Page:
We caught a window of flawless weather for the final ascent - we had had some freezing rain/ice pellets at base camp two nights earlier. After spending a night at base camp, we moved to the high camp, climbing the rather challenging "canaleta". It took us some 4 hours from base camp to high camp. The next morning, we set forth at 1:45 AM. Windless, clear, and mild night. Made it to the top at around 8:15 AM. Some sections (one in particular ~60m) are pretty steep and require you to use the points of your crampons and your axe. We rapped one of those on the way back. Other than that, you need to stay clear of crevasses and avalanche areas. Incredible views from the top - even Huascaran looked approachable from up there.
We made an attempt in August 2002. We used the then glaciated couloir to the right on the way up, 50 degrees to gain the glacier. There, we got some bad weather, but we had a planned camp, and decided to just wait it out. In the evening of the next day, it cleared a bit, so we had a brief view of the entire west slope, but decided it was much too crevassed for a reasonable approach, so we decided to take the steeper route up just beside the cliff. Negotiating the crevasses there was reasonable, but it took time, and when we gained the ridge, the fog came creeping, so we had 50 meters of visibility. We got to 6050 meters before calling it off and descended the same way to camp. The next day, we descended the talus field to basecamp. The weather wasn't on our side either, I don't think I ever saw the summit in the many days we were on the mountain.
Like others have pointed out, it was harder than the guide books made it appear, and I'm sure climate change makes it gradually harder year by year.
Copa has the reputation of an easy peak. We almost got caught in this mindset,too, and wanted to leave most of our technical climbing gear in Huaraz. Fortunately, I read in a forum post that they encountered 70 degree ice, so we decided to take more gear.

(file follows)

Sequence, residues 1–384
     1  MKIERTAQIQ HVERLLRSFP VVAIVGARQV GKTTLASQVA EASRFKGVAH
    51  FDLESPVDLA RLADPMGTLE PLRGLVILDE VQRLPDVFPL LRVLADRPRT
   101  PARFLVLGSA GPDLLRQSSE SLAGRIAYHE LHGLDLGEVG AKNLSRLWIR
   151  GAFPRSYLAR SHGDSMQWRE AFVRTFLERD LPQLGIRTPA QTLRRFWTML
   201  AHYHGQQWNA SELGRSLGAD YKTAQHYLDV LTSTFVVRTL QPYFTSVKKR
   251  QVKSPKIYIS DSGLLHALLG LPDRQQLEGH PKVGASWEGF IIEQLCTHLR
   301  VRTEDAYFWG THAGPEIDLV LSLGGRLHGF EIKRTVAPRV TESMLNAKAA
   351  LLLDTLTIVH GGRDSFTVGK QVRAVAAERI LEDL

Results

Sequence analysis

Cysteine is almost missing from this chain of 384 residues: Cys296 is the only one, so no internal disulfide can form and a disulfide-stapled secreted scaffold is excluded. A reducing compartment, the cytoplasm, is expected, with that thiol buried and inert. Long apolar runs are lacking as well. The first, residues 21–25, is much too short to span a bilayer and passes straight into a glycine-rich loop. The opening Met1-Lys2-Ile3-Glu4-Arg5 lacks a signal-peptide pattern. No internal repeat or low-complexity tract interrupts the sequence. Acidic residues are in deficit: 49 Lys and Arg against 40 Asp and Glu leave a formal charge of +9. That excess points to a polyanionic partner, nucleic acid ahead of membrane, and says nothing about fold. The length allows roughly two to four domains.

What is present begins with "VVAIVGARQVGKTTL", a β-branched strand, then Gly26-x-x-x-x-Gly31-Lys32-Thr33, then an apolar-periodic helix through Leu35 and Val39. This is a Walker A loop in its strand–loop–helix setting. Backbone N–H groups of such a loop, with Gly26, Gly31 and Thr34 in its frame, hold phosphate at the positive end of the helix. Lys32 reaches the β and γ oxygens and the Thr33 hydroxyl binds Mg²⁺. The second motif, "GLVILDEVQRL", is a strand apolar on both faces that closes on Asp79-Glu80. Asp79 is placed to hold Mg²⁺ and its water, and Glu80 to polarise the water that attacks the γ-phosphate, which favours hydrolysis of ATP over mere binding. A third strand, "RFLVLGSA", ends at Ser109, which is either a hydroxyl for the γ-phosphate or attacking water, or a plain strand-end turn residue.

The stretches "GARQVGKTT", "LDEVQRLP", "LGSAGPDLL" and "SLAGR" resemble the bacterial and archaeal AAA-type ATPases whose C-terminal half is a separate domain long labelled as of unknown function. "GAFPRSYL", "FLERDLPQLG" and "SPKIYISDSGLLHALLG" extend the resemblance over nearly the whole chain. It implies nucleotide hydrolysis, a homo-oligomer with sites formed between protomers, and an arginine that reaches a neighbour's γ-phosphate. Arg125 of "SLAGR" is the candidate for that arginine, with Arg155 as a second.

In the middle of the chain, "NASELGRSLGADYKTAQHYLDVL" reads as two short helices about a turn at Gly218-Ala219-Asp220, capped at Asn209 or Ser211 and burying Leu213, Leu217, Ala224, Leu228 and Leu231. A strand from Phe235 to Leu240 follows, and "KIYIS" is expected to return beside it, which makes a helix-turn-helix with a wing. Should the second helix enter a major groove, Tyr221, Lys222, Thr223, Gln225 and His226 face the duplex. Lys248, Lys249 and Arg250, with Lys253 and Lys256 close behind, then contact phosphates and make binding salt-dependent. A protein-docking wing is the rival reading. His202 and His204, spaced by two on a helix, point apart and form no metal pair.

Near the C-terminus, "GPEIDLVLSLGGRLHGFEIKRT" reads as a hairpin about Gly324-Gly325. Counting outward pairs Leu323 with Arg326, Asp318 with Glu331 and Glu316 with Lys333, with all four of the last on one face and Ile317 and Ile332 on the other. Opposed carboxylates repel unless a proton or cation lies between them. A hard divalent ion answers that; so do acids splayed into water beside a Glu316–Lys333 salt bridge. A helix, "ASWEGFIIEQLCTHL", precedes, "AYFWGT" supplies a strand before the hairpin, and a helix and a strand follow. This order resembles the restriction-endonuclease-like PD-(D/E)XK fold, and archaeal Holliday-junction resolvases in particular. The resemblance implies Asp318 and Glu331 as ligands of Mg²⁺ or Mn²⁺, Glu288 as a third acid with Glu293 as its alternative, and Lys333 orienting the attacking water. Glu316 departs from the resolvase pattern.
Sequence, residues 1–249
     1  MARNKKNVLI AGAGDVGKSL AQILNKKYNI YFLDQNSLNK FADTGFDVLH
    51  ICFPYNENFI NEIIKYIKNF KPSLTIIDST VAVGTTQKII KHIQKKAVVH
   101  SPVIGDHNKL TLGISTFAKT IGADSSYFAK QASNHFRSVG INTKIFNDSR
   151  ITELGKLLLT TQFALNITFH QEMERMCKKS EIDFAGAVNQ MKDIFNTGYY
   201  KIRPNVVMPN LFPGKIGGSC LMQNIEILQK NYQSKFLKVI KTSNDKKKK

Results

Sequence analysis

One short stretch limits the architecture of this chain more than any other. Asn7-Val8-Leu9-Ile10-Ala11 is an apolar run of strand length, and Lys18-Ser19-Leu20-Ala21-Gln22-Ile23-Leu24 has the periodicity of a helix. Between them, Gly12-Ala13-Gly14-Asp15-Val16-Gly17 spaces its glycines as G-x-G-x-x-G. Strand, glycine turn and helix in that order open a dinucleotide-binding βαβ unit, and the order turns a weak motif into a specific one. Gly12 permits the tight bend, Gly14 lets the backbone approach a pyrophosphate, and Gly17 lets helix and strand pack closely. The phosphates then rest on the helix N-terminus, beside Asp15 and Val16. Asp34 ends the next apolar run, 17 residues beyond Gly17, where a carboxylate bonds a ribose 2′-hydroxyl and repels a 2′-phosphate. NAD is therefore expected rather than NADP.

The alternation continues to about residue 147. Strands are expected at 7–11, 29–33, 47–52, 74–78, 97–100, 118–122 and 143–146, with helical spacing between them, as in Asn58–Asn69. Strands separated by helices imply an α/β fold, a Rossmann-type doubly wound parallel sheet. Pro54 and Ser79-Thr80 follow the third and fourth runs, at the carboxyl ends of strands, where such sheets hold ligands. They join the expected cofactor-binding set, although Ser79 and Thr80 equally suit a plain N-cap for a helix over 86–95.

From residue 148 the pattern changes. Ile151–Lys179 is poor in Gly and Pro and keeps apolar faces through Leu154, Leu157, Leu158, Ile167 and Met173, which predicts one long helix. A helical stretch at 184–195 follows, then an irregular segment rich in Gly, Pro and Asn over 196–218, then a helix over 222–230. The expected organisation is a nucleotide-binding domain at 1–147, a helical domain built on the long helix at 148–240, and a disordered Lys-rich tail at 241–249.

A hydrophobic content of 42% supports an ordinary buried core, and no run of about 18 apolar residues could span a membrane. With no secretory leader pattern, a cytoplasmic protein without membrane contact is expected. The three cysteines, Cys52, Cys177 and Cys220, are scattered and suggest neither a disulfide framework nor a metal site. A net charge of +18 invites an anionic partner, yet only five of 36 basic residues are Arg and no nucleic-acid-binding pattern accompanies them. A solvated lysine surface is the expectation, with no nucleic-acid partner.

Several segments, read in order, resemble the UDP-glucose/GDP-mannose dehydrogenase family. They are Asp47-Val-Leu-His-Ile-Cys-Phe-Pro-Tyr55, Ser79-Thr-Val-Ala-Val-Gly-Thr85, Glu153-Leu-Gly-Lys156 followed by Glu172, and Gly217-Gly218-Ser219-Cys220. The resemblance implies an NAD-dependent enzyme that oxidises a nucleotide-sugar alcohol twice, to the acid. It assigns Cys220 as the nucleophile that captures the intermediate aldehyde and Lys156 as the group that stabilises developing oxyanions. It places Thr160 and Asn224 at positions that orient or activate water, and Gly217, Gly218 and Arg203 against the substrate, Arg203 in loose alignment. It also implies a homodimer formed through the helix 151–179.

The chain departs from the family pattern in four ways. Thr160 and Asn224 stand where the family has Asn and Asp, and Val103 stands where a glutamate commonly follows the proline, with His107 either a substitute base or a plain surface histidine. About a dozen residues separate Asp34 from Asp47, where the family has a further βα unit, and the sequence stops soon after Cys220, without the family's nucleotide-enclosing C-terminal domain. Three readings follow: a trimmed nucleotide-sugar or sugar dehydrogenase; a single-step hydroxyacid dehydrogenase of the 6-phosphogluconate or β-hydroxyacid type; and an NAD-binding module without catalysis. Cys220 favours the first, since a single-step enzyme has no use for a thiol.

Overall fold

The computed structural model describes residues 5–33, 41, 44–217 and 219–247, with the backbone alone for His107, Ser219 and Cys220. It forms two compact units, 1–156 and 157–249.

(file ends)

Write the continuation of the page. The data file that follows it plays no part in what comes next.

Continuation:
First, I recommend to take a donkey driver, because many people get lost at the tree plantation and don't find the trail leading up to base camp. Sabino Tafur did a great job!
Second, despite asking at casa de guias for recent conditions (they said 45 degrees max, and all snow no ice)we were happy to be better prepared. You have to climb up a couloir to gain the glacier. In the beginning is a short water ice section (WI 2-3), we belayed this part and used 2 ice screws. This is followed by a gentle to moderately steep snow section increasing in steepness towards the top. We simul-climbed this part using snow pickets. At the top, the snow transitions into rock-hard ice with a steepness of 60- 70 degrees before it flattens out to the glacier. We belayed this part and used the 2 ice screws we brought - without them it would have been quite scary. The ice up there was so hard that my (sharpened) older-vintage crampons wouldn't bite, although they were just fine for Alpamayo.
We had 2 ice screws, 2 snow pickets, a 70 m rope, and 2 technical ice tools each - which was the minimum equipment to do this couloir to access the glacier - unless you feel comfortable free-soloing it.
The glacier itself is gently-sloped, few open crevasses deserving the 'easy reputation'. We used a trekking pole in combo with an ice tool up there, since it's not steep enough to make use of your ice tool as support.
Unfortunately theft has been a problem for a while. When I was on Olcshapalca, the ownernofnthe Thai place I think you spell his name Nareswan) had all of his gear stolen, so he was bailing.
We turned around at 17,500 because of illness and weather. The glacier has receded so the approach involves a lot of talus, a bit of rock-climbing, a bit of water ice and some 70 degree snow. Once on the ridge, it's easy going but watch out for massive cornices.
We had been warned that our camp might be robbed and it was. We hid all our gear but left some food stashed in plain sight and somebody took a bunch of it. Pretty sad. Next time, we'll probably hire a camp guardian.
Sorry that you had issues. Outside of the wind and the cravasses we found it easy (PD+ish) and straight forward. Cravasses were the biggest issue and trying to find a way through them . On the ascent we traversed way to the left as we first got onto the plateau before cutting back an to establish a camp and then traversed right then angled up as we were ascending. On the des cent we went straight down and found a cravasse field from hell.
With my friend Pau I tried this pic before Huascaran. We climbed since camp 1 5200 meters, and I decide go down because there are many dangerous crevasses and it wasn't open path.Two weeks before another expedition tried to climb it and one expeditioner died.
Despite there are a lot of information that says Copa is an easy pic, All people we had gone there I'm sure think this information is wrong.
Get information before go to this peak and good luck! I know other people who they have tried Copa, and nobody obtain the summit.